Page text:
–In Oklahoma, SB 860 was passed in the state Senate by a 45-0 vote on March 11 and the House by a 96-1 vote on April 18. Its legislative summary has not noted any action since it was returned to the Senate and signed on April 22.
–In Wisconsin, SB 62 was concurred into the Assembly on May 14 and was last seen in the Senate on May 16.

E-Card Proposals Passed Last Year

E-cards began their introduction into law last year, when governors in Arizona and Idaho signed legislation on the same day in March that marked the first time statewide proposals over electronic proof became law:
–In Arizona, Gov. Jan Brewer signed HB 2577 into law on March 27.
–In California, Gov. Jerry Brown signed AB 1708 into law on Sept. 6.
–In Idaho, Gov. C.L. Otter signed SB 1319 into law on March 27.
–In Louisiana, Gov. Bobby Jindal signed HB 1130 into law on June 15.
–In Minnesota, Gov. Mark Dayton signed SF 1875 into law on April 18.
–In Alabama, regulations permitted electronic means of displaying evidence of coverage instead of legislation.

Different Laws Present Different Means of Enforcement
Since wording in separate pieces of e-card legislation differ between states, so does the enforcement of those laws.

For example, Wyoming’s SF 87 specifically requires an “identification card” that is only made available by the insurer through mobile applications like State Farm’s Pocket Agent.

On the other hand, Louisiana’s HB 1130 only requires that the identification card or “declarations of the insurance policy showing coverages” be “a photocopy, or an image displayed on a mobile device.” Motorists can interpret such wording as meaning that they can take a photo of their hard-copy policy documents or ID card and present that to an officer as valid proof.

According to PCI, the trade group supports any wording of e-card legislation as long as it does not require insurers to provide the e-card and “reserves the formatting choice to the policyholder.”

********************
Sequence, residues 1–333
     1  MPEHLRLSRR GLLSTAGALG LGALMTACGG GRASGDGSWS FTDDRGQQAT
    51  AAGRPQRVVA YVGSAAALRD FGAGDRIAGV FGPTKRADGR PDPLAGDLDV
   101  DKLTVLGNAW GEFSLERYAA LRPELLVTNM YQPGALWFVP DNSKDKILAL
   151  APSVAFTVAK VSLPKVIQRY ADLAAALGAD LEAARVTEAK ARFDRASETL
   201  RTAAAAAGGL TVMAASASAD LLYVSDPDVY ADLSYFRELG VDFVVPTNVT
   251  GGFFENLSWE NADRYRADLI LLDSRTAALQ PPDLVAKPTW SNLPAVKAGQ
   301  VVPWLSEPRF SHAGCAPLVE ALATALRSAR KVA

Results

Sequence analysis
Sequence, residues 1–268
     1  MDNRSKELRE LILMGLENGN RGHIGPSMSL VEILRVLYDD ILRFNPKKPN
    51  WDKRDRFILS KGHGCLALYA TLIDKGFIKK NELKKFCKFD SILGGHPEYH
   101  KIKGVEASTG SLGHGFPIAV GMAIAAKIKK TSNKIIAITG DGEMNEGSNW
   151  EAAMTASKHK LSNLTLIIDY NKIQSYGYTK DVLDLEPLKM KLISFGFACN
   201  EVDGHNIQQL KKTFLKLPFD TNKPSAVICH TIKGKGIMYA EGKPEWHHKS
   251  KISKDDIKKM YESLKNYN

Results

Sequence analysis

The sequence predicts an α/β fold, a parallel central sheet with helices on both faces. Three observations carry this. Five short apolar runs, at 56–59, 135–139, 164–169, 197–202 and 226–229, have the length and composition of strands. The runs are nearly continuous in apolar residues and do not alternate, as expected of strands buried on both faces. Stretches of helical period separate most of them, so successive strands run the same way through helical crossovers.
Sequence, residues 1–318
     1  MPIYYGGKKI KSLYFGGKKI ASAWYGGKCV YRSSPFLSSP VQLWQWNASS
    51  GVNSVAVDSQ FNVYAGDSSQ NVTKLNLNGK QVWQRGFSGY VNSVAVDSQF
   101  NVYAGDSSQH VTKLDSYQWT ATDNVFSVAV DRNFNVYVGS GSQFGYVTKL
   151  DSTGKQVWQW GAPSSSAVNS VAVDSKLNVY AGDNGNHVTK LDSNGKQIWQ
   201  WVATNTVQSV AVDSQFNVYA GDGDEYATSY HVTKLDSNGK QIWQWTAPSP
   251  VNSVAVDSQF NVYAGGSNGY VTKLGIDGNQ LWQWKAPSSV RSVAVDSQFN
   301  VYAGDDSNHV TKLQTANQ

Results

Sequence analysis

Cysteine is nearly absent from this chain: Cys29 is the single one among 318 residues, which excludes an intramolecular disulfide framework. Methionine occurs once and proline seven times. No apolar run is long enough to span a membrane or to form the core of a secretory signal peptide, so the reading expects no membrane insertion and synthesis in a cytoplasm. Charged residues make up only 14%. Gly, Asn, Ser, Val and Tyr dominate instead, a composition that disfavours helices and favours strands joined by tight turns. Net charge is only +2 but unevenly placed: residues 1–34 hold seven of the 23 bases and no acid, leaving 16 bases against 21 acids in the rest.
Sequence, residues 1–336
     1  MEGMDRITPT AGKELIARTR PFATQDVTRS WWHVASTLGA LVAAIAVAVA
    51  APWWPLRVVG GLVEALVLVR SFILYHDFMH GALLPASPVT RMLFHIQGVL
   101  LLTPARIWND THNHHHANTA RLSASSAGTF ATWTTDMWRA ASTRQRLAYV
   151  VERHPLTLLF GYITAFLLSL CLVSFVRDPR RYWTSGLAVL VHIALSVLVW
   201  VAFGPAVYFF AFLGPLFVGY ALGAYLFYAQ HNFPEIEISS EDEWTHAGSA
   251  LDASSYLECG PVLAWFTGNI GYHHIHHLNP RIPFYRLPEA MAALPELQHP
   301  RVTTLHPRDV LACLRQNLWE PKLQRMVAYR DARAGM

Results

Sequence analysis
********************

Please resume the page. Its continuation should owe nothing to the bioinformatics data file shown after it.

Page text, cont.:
The spread of e-card legislation has also piqued privacy issues among legislators.

In Arizona, lawmakers questioned police access to the smartphone while verifying an electronically displayed policy. They ultimately spelled out how enforcement would play out, wording the law to say that a driver handing over their smartphone to prove coverage “is not consenting for law enforcement to access other contents of the wireless communication device.”

Privacy provisions in the Utah e-card bill exempted police from liability: “A peace officer is not subject to civil liability or criminal penalties under this section if the peace officer inadvertently views content other than the evidence of owners or operator’s security on the mobile electronic device.”

California lawmakers grappled with the same issue, saying state and federal laws gave police power that the e-card law could not supersede.

“Practically speaking, this might mean that any person who hands their cell phone over to a peace officer voluntarily risks disclosure of private information accidentally revealed, even though AB 1708 only narrowly authorizes peace officers to view evidence of financial responsibility,” the bill’s legislative analysis stated.

The California e-card law also established rules of liability, noting that whenever a driver gives their phone over to an officer, that driver “assumes all liability for any damage to the mobile electronic device.”

About Charles Nguyen
Charles Nguyen is an enterprising journalist who reported for and the Desert Dispatch and was the editor in chief of the Guardian (the twice-weekly newspaper at the University of California, San Diego) before coming to Online Auto Insurance News.